I've tried hiding it all of these years but I too go home at night and put on my perm wig, fake beard, break out the soldering iron and start knocking together mongrel half-breed hi-fis...

I can't take the shame no mores! I tells ya!


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Post by SirClive » Thu Jul 26, 2007 4:58 pm

Ritchardo mkII wrote:if the tables had been turned and he launched his machine two years after the direct competition then he'd have been blown away.

Still who am I to judge?
But isn't the point that one was a visionary and came up with the idea 2 years before the other, so obviously deserved the success more?
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Post by Ritchardo mkII » Thu Jul 26, 2007 6:30 pm

SirClive wrote:
Ritchardo mkII wrote:if the tables had been turned and he launched his machine two years after the direct competition then he'd have been blown away.

Still who am I to judge?
But isn't the point that one was a visionary and came up with the idea 2 years before the other, so obviously deserved the success more?
He also had a vision of us all trundling about in little electric cars that blow over in a slight breeze...

My point is that while Sugar has been villified for showing business acumen and exploiting a gap in the market, Sinclair has been put on a pedastal as some kind of genius when all evidence to the contrary seems to point to him being a smart guy who stumbled across a good idea and got in over his head, fast.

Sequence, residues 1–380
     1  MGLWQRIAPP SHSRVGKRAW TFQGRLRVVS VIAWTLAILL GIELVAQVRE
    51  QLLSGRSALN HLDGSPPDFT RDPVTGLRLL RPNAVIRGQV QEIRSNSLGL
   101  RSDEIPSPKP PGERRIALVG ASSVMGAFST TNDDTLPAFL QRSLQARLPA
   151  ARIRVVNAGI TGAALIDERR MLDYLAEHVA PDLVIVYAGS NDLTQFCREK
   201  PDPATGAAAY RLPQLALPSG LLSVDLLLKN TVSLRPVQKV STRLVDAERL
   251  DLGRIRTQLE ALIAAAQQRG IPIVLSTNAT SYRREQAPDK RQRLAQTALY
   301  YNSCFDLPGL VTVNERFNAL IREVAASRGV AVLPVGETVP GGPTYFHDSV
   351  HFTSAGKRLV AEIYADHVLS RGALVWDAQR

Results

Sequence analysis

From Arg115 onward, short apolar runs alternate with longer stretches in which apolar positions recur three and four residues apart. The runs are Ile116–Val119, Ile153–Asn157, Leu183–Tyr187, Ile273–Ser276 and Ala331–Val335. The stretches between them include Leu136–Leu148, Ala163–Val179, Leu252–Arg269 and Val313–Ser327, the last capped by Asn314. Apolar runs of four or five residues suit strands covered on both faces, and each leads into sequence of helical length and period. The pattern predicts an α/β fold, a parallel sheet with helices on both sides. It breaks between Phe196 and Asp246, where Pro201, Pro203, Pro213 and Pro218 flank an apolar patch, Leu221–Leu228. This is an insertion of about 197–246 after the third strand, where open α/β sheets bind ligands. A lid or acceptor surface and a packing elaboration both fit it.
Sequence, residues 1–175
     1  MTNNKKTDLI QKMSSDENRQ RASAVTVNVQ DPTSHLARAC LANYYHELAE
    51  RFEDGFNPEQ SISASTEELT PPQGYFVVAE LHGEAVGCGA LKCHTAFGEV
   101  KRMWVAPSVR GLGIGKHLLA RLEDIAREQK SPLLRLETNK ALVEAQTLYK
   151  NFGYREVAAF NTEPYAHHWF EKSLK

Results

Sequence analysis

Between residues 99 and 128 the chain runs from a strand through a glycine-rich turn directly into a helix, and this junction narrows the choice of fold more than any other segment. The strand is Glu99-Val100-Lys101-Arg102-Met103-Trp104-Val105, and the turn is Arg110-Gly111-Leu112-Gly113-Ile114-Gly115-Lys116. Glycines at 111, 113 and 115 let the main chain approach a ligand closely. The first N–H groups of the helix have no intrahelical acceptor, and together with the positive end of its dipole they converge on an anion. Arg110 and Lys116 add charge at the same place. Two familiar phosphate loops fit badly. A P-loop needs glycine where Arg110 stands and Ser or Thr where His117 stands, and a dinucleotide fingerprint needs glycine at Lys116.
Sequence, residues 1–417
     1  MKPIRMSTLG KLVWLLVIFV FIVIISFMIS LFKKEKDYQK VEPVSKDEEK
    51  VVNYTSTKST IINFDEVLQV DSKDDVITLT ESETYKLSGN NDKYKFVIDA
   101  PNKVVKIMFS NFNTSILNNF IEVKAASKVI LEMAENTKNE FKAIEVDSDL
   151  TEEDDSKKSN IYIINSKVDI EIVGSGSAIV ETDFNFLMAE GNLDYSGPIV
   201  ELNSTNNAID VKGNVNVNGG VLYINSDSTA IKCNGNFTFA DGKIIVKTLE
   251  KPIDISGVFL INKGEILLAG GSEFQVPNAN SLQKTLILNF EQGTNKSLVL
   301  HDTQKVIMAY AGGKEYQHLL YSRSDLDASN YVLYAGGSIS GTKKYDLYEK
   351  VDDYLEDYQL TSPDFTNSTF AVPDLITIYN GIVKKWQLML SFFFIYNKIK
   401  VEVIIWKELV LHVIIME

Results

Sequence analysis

I don't like the guy, Sugar - that is, but credit where it's due he took Amstrad from a standing start to third in the UK 8-bit market in a remarkably short period of time. He was never going to catch the Spectrum or the C64 and he probably realised that - he still made a shed load of cash and provided a reliable computer that is still held in high regard by a number of passionate supporters, myself included.

Does make you think about what could have been achieved by Amstrad if they'd got in on the act a little quicker.
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Post by Opa-Opa » Thu Jul 26, 2007 6:46 pm

Ritchardo mkII wrote:
Does make you think about what could have been achieved by Amstrad if they'd got in on the act a little quicker.
Thats the trouble with only making nasty cheap knock off machines - You have to wait untill some else has done all the hard work such as inventing and building something before you can steal it....